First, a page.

Supervisor’s contest is the only Olive race

The Town of Olive has only one contest on Election Day, as Mitchell Langbert, running on the Republican and Conservative lines, challenges Supervisor Jim Sofranko, a Democrat, who is seeking his second term. Democrats Victoria Read and Scott Kelder are running unopposed to keep their town board seats. Brian Burns will remain highway superintendent, Dawn Giuditta will continue as town clerk, and Timothy Cox will keep his position as town justice.

Mitchell Langbert

Mitchell Langbert’s business background includes an MBA from UCLA, a PhD in industrial and labor relations, and studies at the former College of Insurance. He has worked in the insurance field in corporate world, in human resources at Johnson and Johnson, and as a senior budget analyst for the New York State assembly. He has also taught business at Brooklyn College and the NYU business school. “The supervisor deals with budget, labor, and insurance issues,” said Langbert, “stuff I’ve mastered over the years. I like to work with people, and I have managerial experience.”

He feels the major issues facing Olive are a need for “better management of the land in town and watershed policy.” He said flooded property in Boiceville that was taken over by the town after the buyout by New York City [see sidebar box] has not only been taken off the tax rolls but can no longer generate revenue from new businesses. “The town needs to be more judicious with negotiating with the city to use land optimally. We’ve been too quick to give up on healthy development of restaurants and tourist attractions. The failure to build a berm along the Esopus [to reduce the impact of flooding] was a mistake. It goes back a long time, but it could still be done.”


Regarding the plan to turn the town-owned Boiceville properties into a park, Langbert said, “We need more vigor in our thinking. We could talk about enhancing our relationship to the arts, especially outdoor sculpture that could attract tourism. We’ve got statues at the Indian Trading Post, which is on the National Register of Historic Places. It could be a leverage point. We could add arts around that and turn that vacant area into more of an arts center. More could be done with that land. You can eventually find things that work. Taking land out of commission, the way city wants to, is unfair to the town. We need to negotiate smarter with the city.”

With the influx of population since the pandemic, the affordable housing crisis has become even more acute than before. To address this problem, Langbert would consider instituting differential tax rates, giving a tax credit to homeowners who have lived in the area for a long time. “The town should retain its character and allow people who are elderly to remain here. I have no problem with elites moving in, but if it’s imposing higher costs on the town, they should pay those costs.”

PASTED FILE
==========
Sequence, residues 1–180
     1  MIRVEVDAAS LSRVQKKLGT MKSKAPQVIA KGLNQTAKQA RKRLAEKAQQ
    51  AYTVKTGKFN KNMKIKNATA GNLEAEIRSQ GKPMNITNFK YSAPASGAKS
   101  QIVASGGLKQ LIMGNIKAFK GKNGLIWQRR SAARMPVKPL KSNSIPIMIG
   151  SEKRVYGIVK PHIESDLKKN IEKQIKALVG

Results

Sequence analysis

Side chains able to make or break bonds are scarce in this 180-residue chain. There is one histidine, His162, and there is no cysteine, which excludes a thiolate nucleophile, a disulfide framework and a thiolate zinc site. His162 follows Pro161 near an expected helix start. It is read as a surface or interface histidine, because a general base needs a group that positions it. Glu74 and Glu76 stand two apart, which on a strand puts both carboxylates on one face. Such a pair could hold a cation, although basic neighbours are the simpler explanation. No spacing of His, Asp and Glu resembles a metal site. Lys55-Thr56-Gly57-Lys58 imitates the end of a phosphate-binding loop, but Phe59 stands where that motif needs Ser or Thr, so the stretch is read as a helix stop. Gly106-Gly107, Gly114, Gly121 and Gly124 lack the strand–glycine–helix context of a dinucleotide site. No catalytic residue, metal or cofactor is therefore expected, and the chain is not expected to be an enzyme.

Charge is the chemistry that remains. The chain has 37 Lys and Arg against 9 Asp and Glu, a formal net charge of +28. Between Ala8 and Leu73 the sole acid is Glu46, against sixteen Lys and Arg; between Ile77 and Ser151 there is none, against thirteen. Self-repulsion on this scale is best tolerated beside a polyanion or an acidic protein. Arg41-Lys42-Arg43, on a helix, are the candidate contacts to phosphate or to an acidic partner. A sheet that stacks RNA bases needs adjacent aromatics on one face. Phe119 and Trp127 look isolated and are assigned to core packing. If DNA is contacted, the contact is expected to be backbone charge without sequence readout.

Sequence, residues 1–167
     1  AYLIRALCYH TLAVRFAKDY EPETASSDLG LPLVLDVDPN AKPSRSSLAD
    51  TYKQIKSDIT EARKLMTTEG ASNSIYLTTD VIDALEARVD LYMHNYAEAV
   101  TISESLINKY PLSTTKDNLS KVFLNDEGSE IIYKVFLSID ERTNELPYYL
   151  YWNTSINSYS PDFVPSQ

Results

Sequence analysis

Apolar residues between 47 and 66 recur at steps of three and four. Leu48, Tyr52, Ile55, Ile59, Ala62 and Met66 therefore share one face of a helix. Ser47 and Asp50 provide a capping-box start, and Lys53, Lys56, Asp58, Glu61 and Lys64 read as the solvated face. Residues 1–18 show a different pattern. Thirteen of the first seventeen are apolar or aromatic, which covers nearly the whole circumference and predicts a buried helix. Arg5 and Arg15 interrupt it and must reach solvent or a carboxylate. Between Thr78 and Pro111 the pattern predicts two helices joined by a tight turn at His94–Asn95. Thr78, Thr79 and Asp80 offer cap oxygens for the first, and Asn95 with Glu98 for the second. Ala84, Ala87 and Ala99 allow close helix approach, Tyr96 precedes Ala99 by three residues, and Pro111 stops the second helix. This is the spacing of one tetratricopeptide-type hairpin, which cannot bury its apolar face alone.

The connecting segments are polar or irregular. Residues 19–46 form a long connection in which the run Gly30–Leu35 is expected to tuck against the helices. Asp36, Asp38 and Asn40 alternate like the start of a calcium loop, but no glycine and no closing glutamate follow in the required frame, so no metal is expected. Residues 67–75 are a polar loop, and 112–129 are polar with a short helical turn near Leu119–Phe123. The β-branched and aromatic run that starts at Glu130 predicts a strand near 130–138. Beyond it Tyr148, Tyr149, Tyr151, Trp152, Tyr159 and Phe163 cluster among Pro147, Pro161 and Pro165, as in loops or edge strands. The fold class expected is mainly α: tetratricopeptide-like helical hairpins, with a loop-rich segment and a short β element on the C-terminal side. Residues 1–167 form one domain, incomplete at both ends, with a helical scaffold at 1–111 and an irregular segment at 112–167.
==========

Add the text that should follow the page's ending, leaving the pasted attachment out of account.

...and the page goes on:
Among other issues, Langbert feels the town needs better cell service. “We can negotiate better with Verizon,” he remarked. “We also have to be more supportive of our emergency services. I’d like to get better funding for the volunteer fire department so it can function well. We have to treat town employees with respect. The people actually doing the work know how to do the job best. The manager is there to support and provide resources, to make sure there aren’t abuses, and to solve systemic failures. I would like to improve the professionalism of the management of the town.”

He also feels the sewage treatment plant slated for Shokan requires more discussion. It may be a positive development, but he finds it’s being carried through without people knowing what the true costs will be in terms of sewer fees. 

About the election, Langbert added, “I hope everyone comes out and votes, and we all remain on good terms.”

Jim Sofranko

Jim Sofranko served on the Olive town board for six years and has been supervisor for the past two years. “I see a lot of challenges in the town,” he said. “Because of my experience on the board and as supervisor, I can recognize those challenges, bring them to people’s attention, and deal with them in an equitable way.”  

Sofranko defended the DEP buyout program (see sidebar), which went into action in Olive after one property owner lost his business to the bank, largely due to his inability to pay the hike in flood insurance after Hurricane Irene. “People were pleading with us to get out from under the financial duress by participating in the buyout program.”